The city of Limassol is seeing considerable rent hikes, due in no small part to the abundance of wealthy expats who call this coastal business center home. In fact, according to real estate experts, Limassol rent prices are far beyond any other metropolitan area in Cyprus.
According to property appraiser and real estate consultant Antonis Loizou, the monthly rent for a typical two-bedroom apartment in Limassol comes in at about 900 Euro for units within walking distance of the beach, though even residences that are further inland still boast prices of around 600 Euro per month.
Meanwhile, Kyriacos Talatinis, Chairman of the Cyprus Property Valuers Association, says that the same type of apartment in Nicosia can be rented for around 500 Euro, including in parts of the city densely populated by students (i.e. Engomi and Makedonitissa), which tend to have higher rent rates than the average.
It isn’t hard to see why this state of affairs has locals in Limassol less than thrilled.
Some have even taken to social media to voice their concerns with comments about the extreme discrepancies in rental rates between Limassol and other parts of the island, including outlining the trouble this creates for local families who simply can’t afford to pay 1,000 Euro per month in Limassol for the same kind of apartment they could rent for half that price in Larnaca or Paphos.
Mr. Talatinis pointed out that the considerable number of Russian residents in Limassol plays a large role in the rental rate increase, with the city housing an entire category of businessmen from the northern country who have no trouble paying rental rates from the higher end of the sprectrum.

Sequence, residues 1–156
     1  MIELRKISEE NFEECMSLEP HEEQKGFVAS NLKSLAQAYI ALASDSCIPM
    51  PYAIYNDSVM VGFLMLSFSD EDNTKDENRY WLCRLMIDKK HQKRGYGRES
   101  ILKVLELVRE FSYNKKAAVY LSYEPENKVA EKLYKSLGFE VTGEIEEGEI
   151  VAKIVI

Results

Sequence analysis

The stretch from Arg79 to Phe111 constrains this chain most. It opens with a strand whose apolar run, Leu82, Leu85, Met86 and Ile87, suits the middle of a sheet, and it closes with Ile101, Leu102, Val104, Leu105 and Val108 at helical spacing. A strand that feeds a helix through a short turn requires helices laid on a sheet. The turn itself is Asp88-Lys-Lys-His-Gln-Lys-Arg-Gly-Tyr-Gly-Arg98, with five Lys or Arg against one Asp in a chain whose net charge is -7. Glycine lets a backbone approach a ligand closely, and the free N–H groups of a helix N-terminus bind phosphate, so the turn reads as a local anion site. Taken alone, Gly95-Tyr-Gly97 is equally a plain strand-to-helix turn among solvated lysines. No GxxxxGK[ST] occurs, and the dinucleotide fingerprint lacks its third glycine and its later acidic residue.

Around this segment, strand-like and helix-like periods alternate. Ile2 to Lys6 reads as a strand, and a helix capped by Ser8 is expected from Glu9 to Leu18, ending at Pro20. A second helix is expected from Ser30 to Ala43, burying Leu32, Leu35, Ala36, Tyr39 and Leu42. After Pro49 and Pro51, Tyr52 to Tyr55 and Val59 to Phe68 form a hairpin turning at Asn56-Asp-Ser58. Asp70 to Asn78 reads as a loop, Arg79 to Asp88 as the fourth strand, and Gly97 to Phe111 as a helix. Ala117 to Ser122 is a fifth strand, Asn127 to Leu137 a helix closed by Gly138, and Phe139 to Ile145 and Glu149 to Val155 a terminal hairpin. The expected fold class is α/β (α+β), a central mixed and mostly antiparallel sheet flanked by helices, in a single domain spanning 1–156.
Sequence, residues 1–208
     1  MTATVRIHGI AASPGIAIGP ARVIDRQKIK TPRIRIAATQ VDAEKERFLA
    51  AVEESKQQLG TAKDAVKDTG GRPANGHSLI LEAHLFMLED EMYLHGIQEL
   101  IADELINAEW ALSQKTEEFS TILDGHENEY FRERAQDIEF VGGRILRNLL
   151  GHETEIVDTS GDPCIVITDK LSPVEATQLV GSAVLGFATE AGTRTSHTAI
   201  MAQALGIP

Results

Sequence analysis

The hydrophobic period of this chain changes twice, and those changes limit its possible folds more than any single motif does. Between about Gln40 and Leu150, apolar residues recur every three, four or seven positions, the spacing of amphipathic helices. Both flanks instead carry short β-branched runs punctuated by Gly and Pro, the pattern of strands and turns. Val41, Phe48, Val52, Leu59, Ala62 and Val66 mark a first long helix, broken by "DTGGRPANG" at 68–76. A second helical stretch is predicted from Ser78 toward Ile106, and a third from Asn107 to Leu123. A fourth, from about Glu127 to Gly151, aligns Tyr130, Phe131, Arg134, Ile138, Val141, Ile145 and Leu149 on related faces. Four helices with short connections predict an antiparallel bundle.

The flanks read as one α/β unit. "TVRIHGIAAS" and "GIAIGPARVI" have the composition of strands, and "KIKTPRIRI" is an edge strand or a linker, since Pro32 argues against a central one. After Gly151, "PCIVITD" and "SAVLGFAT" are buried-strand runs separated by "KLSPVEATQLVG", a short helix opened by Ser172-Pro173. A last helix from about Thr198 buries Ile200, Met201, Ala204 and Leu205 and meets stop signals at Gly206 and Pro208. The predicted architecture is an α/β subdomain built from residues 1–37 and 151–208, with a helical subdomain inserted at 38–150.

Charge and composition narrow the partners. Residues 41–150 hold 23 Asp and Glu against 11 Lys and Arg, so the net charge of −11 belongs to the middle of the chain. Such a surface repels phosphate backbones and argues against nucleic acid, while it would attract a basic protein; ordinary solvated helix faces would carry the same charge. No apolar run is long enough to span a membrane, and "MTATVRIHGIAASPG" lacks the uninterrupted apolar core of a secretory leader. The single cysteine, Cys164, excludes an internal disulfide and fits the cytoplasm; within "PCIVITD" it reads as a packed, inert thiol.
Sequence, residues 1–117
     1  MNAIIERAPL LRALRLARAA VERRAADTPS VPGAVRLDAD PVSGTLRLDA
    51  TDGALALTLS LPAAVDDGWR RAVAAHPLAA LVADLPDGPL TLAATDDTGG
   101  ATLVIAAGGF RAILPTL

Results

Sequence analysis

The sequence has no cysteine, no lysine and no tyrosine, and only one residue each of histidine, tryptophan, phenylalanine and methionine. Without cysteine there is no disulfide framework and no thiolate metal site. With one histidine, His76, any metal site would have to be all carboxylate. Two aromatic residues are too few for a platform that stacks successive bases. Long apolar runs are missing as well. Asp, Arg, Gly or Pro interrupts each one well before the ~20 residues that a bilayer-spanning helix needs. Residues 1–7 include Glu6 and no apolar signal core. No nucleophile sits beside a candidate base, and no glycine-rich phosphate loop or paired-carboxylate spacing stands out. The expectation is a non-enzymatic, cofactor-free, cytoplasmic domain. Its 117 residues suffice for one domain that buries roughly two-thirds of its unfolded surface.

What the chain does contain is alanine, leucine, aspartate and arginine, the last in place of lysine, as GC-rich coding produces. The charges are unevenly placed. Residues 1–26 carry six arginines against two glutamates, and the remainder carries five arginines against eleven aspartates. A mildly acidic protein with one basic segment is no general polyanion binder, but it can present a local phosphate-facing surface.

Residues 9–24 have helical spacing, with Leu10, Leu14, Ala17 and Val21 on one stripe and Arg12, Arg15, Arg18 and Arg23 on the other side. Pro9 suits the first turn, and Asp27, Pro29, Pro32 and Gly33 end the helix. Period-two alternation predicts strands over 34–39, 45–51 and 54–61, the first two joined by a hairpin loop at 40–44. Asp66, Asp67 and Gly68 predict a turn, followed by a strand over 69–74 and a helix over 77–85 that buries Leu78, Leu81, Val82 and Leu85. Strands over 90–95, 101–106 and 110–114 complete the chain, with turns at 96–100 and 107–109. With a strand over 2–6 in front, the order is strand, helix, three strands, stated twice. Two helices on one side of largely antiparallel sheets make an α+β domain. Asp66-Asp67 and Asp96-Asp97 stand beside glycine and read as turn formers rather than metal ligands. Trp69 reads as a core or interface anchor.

Mr. Loizou also noted that Limassol is special because of how attractive it is to foreigners looking to do business in Cyprus. Protaras and Pahos, for instance, are popular rental locations as well, but their popularity is seasonal, with tourists looking for living space mostly in the summer, while Limassol’s demand for rental properties is high all year long. This results in a consistently multicultural environment full of opportunities of interest to wealthy Russian businessmen with more resources than an average Cypriot.
This has all led to Limassol hosting numerous new projects, including harbor development and the planned construction of a casino, though the city proper has benefited from considerable improvements as well.
However, while Limassol retains special status among Cyprus territories, rental properties all across the island are seeing an increase in demand.
Mr. Loizou has outlined that since the financial crisis of 2013, the increased difficulty of acquiring loans for property purchases led to an increase in demand for rented space. Unsurprisingly, this has led to lessened supply, with a particularly strong rise in demand starting in 2015 and continuing to this day.
In Mr. Talatinis’ view, this demand is further boosted by the ongoing restructuring of Cyprus society, so while challenges with loans are a large contributing factor, another reason lies in the social trends that have led young couples to be more likely to move in together in a rental property before considering anything more permanent.
Though Mr. Loizou added that these trends can just as easily lead younger generations right back to buying property, as they might consider paying 1,000 Euro per month for their own home more advantageous than the 700 Euro or so they would pay monthly for a rental.
According to Mr. Talatinis, Limassol is also likely to see a tendency of people with lesser budgets